When Charlie Sheen disclosed his HIV infection last fall, sexually transmitted infections were back in the public eye. His case will likely contribute to the belief many people have that HIV is caused by sexual promiscuity or injection drug use, when in reality having unprotected sex with someone HIV-positive just one time can lead to HIV infection.
April is STD Awareness Month. The new term for STD is STI — sexually transmitted infection — to focus on the infection rather than the disease it could lead to. One way to mark the occasion is to get tested for HIV and thus help eradicate the stigma. A focus on HIV for STD Awareness Month is appropriate since HIV, though preventable, is non-curable and debilitating. HIV testing is now possible with a simple oral swab — no needles required, and results are ready 20 minutes later. Further, the process is completely confidential, and self-test kits can be purchased in local pharmacies, over the counter, for testing at home.
According to the Centers for Disease Control and Prevention (CDC), in the United States more than 1.2 million people live with HIV, the virus that causes AIDS, yet, alarmingly, as many as 25 percent of persons infected may be unaware of their HIV status. Even though more than 30 years have passed since HIV was discovered, education on how the virus is transmitted is far from universal. Even today, some believe it can be acquired from kissing, using the same toilet seat, or hugging an infected person. Yet another common belief is that “only someone who looks sick” has HIV. All false, these beliefs perpetuate HIV stigma, causing fewer people to get tested, even though the CDC recommends routine testing for anyone 13-64 years of age.
There was a time when experts thought an HIV vaccine would be available within five years of the discovery of the virus. While important advances bring us closer than ever to reaching that dream, a vaccine is still years off. Condoms, when used correctly and consistently, remain our best tool against HIV infection. Few people know that if HIV exposure has occurred, drugs, to be taken soon after exposure, are available to reduce the risk of actual infection.
Even when vaccines exist, they face an uphill battle for use. For example, the human papillomavirus (HPV) vaccines have now been available for over 10 years. They help prevent cancer (cervical cancer in women, penile cancer in men, oral and anal cancer in both) but less than 50 percent of adolescent girls and fewer (around 30 percent) boys in the United States get all three doses. This is much lower than any other vaccine, likely because:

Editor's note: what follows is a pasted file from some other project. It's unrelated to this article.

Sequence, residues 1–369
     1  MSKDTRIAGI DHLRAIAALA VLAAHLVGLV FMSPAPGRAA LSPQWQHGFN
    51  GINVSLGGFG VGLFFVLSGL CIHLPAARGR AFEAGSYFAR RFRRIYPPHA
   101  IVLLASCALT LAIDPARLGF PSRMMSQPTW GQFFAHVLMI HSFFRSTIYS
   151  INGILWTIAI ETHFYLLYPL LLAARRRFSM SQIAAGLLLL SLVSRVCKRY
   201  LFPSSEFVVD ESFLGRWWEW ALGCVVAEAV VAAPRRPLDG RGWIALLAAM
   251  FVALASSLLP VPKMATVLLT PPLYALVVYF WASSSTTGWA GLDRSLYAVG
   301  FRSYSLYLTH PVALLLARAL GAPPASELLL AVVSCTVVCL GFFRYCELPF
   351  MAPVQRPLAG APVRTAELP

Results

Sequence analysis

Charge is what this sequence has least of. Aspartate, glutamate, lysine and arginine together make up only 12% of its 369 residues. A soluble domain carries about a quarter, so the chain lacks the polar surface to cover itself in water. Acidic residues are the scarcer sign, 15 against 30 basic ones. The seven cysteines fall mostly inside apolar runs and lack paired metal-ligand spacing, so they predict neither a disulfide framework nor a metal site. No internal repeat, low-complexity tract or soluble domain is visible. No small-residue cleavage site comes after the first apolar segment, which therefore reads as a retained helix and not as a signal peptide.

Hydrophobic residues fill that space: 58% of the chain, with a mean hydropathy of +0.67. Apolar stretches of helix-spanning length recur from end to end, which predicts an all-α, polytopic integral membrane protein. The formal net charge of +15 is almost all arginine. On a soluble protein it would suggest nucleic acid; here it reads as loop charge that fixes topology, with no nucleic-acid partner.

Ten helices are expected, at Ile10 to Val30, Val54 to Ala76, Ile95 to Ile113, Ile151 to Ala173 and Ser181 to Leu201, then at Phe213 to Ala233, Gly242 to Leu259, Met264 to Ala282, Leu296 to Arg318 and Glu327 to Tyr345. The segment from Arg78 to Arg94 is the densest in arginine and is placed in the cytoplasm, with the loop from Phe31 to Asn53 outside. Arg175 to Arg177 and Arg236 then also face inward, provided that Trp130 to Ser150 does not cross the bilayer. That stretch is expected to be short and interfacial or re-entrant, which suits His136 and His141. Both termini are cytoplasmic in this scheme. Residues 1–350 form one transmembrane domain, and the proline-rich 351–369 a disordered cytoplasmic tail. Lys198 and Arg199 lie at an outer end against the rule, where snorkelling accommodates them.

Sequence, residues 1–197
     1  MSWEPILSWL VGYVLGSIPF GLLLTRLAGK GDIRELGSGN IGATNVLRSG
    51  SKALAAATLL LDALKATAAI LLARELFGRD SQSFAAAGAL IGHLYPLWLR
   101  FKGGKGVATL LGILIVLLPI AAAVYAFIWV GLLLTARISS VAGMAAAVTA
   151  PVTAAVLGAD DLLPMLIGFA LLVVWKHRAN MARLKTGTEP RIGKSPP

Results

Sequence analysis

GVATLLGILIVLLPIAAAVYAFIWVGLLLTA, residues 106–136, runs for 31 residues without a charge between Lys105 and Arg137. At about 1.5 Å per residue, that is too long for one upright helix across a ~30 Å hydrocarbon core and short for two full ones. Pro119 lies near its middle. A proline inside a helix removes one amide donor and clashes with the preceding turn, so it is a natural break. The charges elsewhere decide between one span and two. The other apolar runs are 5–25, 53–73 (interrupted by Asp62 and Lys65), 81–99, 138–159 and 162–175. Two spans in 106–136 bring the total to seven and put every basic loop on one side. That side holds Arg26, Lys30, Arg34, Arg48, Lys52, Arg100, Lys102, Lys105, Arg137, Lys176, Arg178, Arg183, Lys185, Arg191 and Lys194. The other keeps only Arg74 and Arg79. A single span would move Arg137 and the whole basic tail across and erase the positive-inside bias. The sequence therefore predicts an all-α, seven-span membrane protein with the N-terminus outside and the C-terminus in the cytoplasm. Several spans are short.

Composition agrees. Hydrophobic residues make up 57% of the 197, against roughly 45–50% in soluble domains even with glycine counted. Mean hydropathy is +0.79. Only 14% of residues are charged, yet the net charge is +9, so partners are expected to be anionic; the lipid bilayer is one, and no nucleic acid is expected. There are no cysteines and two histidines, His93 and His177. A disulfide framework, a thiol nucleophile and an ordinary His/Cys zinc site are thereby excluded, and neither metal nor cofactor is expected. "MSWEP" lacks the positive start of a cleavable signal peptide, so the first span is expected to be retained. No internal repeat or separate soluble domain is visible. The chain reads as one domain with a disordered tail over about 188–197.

1. Pediatricians are reluctant to bring up the vaccine with parents, fearing that parents interpret the recommendation as meaning that their children are already sexually active.
2. Parents may refuse or postpone the vaccine, believing that their children are not yet sexually active. This leads to waiting until exposure, even though the vaccine works best before first sexual contact.
3. Even though the vaccine has been around for 10 years, parents may want more information prior to agreeing to have their children vaccinated since they may not know much about it, leading to missed opportunities.
4. The vaccine is seen by many parents as an STI vaccine (against genital warts, since the vaccine protects against that as well) rather than a cancer prevention vaccine.
The absence of symptoms does not equate to the absence of an STI. Some STIs, including HPV, can even be transmitted while using condoms. Some STIs can be transmitted during oral sex, when condoms are rarely used or promoted. One reason STIs are becoming more prevalent is the increasing number of internet dating sites. With more connectivity and the rapid proliferation of cell phones, it is easier than ever before for people to meet. The conversation on STIs, however, has not kept pace for the most part.
STIs have many symptoms including itching, burning, blisters on the genitals, pain when urinating, appearance of sores on the body, swollen lymph nodes, a skin rash, sore throat, genital discharge, nausea, and fever to name a few. HPV is the most common STI in the United States, but other common STIs include gonorrhea, syphilis, and chlamydia, all of which are curable and can be treated with antibiotics. Other STIs such as HIV, herpes, and genital warts (HPV) are more troubling, have no cure, and require management of the disease and symptoms.
But there is a silver lining! Most STIs can be prevented by using condoms consistently and correctly during both vaginal and anal intercourse, using condoms or dental dams during oral sex, responsible drug and alcohol use before sex, communicating with one’s partner on STI testing and any symptoms, and getting the HPV vaccine to prevent the most common STI.
The time to take action is now. All sexually active persons should get themselves tested frequently. If it must be just once a year, then let’s make April the month to get tested at the doctor’s office or for free at a local clinic found at gettested.cdc.gov.